HM Coastguard is calling on open-water swimmers and cold-water dippers to be prepared and follow safety advice before entering the sea this Christmas. 

Photo: HM Coastguard

In a year when swimming pools have largely been closed, there has been a significant increase in people enjoying open-water swimming and cold-water dipping. There’s also been an increase of nearly 80% (79.81%) in calls for HM Coastguard’s help for swimming-related incidents – up from 436 between January and November 2019 to 784 for the same period in 2020. 

Swimming in the sea is a tradition for many over Christmas and New Year but many organised events with safety marshalls have been called off this year. We are keen that the ever-growing number of swimmers and dippers are aware of the risks and know how to enjoy the activity safely, especially during the winter season. 

Advice for cold-water dippers and open-water swimmers: 

·       Don’t swim alone  

·       Check the weather forecast and tide times 

·       Ensure you have warm clothes for before and after your dip 

·       Wearing a wetsuit will help increase your buoyancy and reduce the chances of suffering cold water shock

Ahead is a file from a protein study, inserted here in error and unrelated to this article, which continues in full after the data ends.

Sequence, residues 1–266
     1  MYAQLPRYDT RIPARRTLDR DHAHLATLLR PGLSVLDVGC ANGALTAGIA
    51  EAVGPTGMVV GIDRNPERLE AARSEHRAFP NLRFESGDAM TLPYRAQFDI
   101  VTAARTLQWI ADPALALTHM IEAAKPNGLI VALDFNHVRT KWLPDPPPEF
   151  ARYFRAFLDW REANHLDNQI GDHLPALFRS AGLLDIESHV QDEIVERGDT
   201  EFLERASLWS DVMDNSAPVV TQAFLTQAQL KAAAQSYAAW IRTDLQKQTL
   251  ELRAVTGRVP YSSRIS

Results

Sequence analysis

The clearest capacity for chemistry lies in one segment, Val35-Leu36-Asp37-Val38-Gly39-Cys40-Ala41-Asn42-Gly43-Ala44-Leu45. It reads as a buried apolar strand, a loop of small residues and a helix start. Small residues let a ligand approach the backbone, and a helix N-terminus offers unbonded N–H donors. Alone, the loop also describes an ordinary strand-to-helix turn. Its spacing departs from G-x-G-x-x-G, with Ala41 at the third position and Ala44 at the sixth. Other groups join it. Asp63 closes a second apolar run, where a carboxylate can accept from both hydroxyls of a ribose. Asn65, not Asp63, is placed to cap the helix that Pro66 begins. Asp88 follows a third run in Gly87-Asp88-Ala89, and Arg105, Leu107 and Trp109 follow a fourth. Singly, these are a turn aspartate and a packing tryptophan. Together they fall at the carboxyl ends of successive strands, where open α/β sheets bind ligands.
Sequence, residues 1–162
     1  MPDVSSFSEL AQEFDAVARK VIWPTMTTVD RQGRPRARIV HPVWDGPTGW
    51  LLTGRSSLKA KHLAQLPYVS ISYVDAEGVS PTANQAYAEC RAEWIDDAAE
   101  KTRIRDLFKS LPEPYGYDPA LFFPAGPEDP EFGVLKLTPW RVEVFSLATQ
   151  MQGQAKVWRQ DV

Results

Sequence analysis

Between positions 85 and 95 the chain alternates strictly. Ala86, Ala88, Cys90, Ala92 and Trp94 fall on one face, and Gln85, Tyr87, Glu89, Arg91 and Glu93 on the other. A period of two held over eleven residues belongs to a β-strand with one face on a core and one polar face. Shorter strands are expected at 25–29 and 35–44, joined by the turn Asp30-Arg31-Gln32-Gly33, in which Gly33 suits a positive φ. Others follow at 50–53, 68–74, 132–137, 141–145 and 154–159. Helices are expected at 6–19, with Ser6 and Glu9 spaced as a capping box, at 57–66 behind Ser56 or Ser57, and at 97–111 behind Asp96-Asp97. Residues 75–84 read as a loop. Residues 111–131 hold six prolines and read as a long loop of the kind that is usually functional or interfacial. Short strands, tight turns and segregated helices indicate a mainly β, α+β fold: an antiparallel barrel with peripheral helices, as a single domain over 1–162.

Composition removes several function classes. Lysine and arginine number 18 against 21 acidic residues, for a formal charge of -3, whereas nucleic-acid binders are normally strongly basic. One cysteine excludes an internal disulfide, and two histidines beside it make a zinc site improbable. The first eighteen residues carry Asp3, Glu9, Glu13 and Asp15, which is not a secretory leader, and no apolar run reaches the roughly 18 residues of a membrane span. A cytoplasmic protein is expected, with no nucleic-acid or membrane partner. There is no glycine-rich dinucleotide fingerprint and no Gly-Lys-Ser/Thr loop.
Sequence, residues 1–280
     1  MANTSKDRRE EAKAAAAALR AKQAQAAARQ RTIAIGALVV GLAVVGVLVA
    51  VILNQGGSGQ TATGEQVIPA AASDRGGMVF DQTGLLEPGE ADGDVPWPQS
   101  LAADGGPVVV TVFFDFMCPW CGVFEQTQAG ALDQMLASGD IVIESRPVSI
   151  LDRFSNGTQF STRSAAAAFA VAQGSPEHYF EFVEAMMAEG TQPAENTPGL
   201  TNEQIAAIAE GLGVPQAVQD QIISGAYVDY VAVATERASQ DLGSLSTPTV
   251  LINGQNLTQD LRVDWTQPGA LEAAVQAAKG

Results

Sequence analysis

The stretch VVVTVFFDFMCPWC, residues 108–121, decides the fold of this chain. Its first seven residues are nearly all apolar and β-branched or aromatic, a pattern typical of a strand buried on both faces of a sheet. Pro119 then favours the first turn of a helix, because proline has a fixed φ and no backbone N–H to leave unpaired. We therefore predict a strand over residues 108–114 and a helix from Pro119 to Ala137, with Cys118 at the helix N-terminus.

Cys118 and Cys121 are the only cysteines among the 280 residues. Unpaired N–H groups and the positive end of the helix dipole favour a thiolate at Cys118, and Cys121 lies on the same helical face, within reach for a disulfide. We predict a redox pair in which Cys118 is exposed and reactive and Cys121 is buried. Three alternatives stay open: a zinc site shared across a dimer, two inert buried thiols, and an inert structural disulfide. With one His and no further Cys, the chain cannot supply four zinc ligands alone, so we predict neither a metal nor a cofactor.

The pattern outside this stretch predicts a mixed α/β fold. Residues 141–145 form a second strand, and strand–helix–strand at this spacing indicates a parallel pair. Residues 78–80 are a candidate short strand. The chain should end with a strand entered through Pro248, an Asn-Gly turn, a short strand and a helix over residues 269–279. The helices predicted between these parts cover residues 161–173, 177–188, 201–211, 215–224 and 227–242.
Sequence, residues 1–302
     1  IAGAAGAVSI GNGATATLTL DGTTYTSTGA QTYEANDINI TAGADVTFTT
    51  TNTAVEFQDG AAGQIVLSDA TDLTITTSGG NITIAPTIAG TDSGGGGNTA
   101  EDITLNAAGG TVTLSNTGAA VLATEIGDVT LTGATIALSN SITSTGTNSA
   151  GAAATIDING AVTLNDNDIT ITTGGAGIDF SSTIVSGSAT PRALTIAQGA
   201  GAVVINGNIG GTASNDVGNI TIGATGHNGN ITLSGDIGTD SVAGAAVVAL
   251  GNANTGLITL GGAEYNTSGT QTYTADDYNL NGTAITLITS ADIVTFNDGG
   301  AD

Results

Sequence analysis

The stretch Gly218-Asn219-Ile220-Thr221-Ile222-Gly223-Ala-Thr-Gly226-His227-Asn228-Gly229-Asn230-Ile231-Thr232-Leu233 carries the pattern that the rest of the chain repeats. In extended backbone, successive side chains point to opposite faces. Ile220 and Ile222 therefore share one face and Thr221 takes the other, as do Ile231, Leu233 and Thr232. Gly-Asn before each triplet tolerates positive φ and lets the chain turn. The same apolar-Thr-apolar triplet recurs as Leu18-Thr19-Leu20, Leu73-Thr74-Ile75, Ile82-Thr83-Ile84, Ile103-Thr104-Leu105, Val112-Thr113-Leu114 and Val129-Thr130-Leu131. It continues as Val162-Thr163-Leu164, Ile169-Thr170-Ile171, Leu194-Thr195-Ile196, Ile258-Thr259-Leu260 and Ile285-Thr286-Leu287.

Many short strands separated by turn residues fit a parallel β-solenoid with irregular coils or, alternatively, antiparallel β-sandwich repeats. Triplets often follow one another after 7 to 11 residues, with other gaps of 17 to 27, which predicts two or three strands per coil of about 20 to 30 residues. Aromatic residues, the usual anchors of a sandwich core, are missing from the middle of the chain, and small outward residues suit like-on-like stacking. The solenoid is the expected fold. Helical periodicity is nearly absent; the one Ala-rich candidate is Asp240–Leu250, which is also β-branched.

·       Be seen – wear a brightly coloured swim cap and consider using a tow float 

·       Acclimatise to the water temperature slowly – never jump straight in 

·       Stay in your depth and know your limits 

·       If you get into trouble remember FLOAT to live by leaning back in the water, extending your arms and legs, and resisting the urge to thrash around to gain control of your breathing 

·       Take a mobile phone in a waterproof pouch 

·       If in doubt, stay out – there is always another day to go for a swim 

·       If you or someone else gets into trouble at sea or along the coast call 999 and ask for the Coastguard. 

Coastal Operations Area Commander Matt Pavitt said: “Many people find that swimming in the sea and cold water dipping has physical and mental health benefits but please remember these activities can also result in cold water shock which is extremely dangerous. 

“Cold water shock is a risk when the water temperature is 15 degrees Celsius and below. Our average sea temperature around the UK is just 6-10 degrees Celsius in the winter and the shock of cold water can catch out even the fittest and strongest of swimmers. 

“So we’re asking everyone to be fully prepared before entering the water and follow safety advice to stay as safe as possible.” 

If you see anyone in difficulty at the sea or along the coast, please call 999 and ask for the Coastguard. We’re on call 24/7 all year round. 

By Ed

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